The most embarrassing story I’ve heard was someone wandered out of camp to answer nature’s call. This guy wanted complete privacy so he ventured out of sight of camp. Not paying attention, he got a lost and failed to retrace his steps.

He was too embarrassed to call out for help. Obviously, he didn’t want to look like a fool by getting lost so close to camp.

Of course, what came next was sheer panic, and he got way off course. Panic and fear can cause a once rational person to expound their mistakes. He was found the next day a mile from camp. He panicked and started charging in the direction he thought camp was without thinking.

The moral of the story is that it’s easy to get lost in the woods, especially if you panic. In a SHTF situation, it’s unlikely a rescue team is coming. So you’ll have to rely on yourself to get back to safety.

However, if you’ve got GPS on your survival watch and you know the coordinates of your bug out location, you’ll easily find your way back to base camp.


Two of the most dangerous and immediate threats in a survival situation are extreme exposure and lack of clean water. But, if you have a barometer on your watch, you’ll be more aware of potential bad weather so you can hunker down well before it arrives.

In most cases, by the time you see rain coming, it’s too late. And if you get wet in cold weather, you’re in danger of hypothermia, and in a world of hurt. Instead, you can utilize the barometer on your survival watch to better predict oncoming rain. Helping you prepare yourself for a risky situation.

Another way a barometer can help you survive is to prompt you to set up catchments collect oncoming rain water.


If you live in a mountainous region and don’t know your exact location an altimeter can help. An altimeter on your survival watch, tells you your exact altitude. So if you have a topographical map it helps to narrow down where you’re at on the map. And when you know where you’re at, you can find your way back to camp or civilization.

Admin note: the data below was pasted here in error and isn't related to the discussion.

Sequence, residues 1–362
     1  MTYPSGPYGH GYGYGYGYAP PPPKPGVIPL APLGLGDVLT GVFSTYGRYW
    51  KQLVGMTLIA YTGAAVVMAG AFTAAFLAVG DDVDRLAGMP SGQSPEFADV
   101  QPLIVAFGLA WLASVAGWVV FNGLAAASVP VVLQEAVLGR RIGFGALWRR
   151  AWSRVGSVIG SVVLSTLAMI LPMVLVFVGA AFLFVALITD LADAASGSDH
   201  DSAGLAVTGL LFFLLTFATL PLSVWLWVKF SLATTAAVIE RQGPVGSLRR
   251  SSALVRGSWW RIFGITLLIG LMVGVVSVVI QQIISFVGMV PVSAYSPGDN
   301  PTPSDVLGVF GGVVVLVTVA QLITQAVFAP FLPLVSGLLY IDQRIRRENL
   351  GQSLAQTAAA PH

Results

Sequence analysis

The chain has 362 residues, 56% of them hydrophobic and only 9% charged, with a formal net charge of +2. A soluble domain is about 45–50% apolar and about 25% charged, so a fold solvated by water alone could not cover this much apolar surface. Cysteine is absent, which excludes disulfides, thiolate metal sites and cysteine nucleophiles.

Navigation With A CompassCompass

One of the most valuable survival tools around. There are several bushcraft methods to find direction. But for accuracy and speed, nothing beats having a high-quality compass.

Natural bushcraft includes understanding that thicker branches on trees often face towards the sun, which indicates a southern direction.

Moss grows better on the northern side of trees.

You can even put a stick into the ground and use shadows to get your bearings.

But in SHTF, and you’re panicking, having a compass on your watch is better than relying on bushcraft. It’s easy to make mistakes when panicking, that’s why having a compass on your watch will result in fewer navigational errors.

Technology can fail, so it’s important to be able to get your bearings using bushcraft. But if the technology hasn’t failed, a compass is an asset I want with me at all times.

Cold Weather Hiker 1Sunrise & Sunset Times

If you’re away from your bug out location you’ll want to get back before sunset. You likely don’t want to navigate in the dark because it’s dangerous and difficult. So you better know when sunset is.